Russia has warned Denmark that its warships will become a target of Russian nuclear weapons if the Scandinavian nation joins NATO’s missile shield. Mikhail Vanin, the Russian ambassador to Denmark, said an interview in the newspaper Jyllands-Posten that the Danes did not fully understand the consequences of joining the missile shield.
Russia’s missiles could penetrate NATO’s defense system
The Russian ambassador’s statement comes about eight months after Copenhagen said it would participate in NATO’s missile defense system. Denmark has said it would install advanced radar systems on its warships to become an integral part of the missile shield. NATO says the missile defense system was designed to protect member nations from missile launches.
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Russia has opposed the missile shield. Kremlin argues that it would dramatically reduce the effectiveness of Russian nuclear weapons, which may lead to a new Cold War-style arms race. But Vanin said that Moscow has advanced missiles that could penetrate NATO’s missile defense system. He said by joining the missile shield, Denmark would “become a part of the threat against Russia.”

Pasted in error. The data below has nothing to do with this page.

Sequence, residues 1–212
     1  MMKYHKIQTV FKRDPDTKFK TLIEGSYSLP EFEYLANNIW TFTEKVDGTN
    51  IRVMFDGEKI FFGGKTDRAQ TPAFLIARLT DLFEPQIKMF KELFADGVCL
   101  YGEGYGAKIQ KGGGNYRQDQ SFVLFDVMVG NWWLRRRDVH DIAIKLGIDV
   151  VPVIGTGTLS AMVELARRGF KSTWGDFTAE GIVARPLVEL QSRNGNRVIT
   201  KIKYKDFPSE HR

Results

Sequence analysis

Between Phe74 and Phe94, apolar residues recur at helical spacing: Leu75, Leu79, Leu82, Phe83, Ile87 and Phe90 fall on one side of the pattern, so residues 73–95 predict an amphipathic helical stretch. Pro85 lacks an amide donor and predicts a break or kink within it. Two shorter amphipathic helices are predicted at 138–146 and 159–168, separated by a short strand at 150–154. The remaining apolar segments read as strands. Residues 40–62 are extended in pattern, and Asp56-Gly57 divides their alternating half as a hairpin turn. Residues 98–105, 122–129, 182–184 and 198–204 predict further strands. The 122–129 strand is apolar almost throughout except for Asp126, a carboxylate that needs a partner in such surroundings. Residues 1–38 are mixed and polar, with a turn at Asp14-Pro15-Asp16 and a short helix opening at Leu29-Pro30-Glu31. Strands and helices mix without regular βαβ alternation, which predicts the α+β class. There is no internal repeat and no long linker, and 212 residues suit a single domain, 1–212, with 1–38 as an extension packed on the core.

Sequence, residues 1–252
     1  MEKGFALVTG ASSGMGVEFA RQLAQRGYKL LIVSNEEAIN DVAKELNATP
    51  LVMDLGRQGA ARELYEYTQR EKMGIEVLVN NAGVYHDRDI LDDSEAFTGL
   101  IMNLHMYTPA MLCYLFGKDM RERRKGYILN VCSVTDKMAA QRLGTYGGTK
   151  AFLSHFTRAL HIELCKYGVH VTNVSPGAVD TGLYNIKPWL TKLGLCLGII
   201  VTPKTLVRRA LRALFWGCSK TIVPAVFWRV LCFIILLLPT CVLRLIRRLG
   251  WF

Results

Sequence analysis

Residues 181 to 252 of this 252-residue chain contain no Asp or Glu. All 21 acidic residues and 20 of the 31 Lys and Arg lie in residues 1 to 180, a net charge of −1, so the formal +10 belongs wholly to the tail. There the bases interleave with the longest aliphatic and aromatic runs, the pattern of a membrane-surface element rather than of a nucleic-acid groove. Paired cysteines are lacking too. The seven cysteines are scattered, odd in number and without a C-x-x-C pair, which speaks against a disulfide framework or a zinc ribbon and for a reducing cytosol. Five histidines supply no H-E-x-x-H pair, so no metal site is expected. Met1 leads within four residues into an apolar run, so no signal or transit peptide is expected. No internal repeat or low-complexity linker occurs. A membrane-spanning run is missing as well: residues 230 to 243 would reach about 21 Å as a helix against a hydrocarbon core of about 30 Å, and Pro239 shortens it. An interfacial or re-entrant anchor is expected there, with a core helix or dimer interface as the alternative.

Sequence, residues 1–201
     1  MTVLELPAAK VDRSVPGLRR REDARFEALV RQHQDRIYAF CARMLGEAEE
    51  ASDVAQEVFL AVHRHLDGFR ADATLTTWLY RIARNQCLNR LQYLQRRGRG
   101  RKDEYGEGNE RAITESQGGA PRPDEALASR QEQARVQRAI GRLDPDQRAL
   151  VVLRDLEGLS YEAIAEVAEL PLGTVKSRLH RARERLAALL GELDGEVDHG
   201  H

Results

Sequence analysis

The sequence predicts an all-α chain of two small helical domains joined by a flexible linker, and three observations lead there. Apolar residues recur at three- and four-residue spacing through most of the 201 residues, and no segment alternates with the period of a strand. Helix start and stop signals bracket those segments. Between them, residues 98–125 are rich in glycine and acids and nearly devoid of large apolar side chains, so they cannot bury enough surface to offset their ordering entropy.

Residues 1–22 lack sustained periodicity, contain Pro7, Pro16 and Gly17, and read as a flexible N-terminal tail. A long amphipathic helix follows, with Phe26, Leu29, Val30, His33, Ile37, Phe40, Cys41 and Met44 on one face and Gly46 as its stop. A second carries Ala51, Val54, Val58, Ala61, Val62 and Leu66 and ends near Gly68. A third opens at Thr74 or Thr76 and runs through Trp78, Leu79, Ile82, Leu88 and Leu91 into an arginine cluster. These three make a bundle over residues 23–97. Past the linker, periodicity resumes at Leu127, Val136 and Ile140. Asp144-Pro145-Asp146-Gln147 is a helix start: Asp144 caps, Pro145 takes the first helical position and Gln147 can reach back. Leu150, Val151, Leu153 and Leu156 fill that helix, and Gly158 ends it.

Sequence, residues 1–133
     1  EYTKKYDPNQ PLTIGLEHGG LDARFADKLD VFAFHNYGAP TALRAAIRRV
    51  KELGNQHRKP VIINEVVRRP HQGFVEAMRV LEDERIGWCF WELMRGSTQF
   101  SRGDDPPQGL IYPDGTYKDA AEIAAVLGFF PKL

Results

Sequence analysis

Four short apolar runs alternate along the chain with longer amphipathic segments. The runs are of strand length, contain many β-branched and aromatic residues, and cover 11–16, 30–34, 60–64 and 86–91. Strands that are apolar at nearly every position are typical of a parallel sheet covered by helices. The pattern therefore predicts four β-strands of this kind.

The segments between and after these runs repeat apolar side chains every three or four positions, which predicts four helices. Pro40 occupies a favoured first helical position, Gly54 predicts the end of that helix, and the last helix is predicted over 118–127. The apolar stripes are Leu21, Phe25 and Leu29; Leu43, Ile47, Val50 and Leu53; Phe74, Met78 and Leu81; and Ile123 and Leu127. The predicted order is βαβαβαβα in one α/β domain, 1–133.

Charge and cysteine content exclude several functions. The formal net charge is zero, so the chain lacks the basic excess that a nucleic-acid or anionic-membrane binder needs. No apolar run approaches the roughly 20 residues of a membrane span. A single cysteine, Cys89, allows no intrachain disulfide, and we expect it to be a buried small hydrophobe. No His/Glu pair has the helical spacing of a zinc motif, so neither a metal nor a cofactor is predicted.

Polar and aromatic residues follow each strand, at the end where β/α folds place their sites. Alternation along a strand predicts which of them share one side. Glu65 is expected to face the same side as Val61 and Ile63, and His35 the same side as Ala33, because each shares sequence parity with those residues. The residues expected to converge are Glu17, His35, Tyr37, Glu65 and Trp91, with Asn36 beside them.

According to The Copenhagen Post, Vanin said it was Denmark’s decision to join the U.S.-led missile shield, and it would damage the relations with Russia. He added that such a move would make Copenhagen “lose both money and security.” His statement drew intense criticism from Denmark and NATO.
Missile shield not aimed at Russia
Danish foreign minister Martin Lidegaard said that Vanin’s statement was unacceptable. Lidegaard said Russia knows very well that the missile shield was not aimed at them. Russia’s threats come amid rising tension across Europe, as EU leaders agreed to extend sanctions against Moscow until it complies with the Ukraine ceasefire agreement.
Last week, Denmark’s military published details of encroachments of Danish airspace. In 2014, the Danish military scrambled its F-16 squadrons 58 times to head off Russian aircraft. Moscow’s military aircraft often turn off their transponders as they approach the western Baltic to avoid being identified, but such a move could be dangerous to civilian air traffic.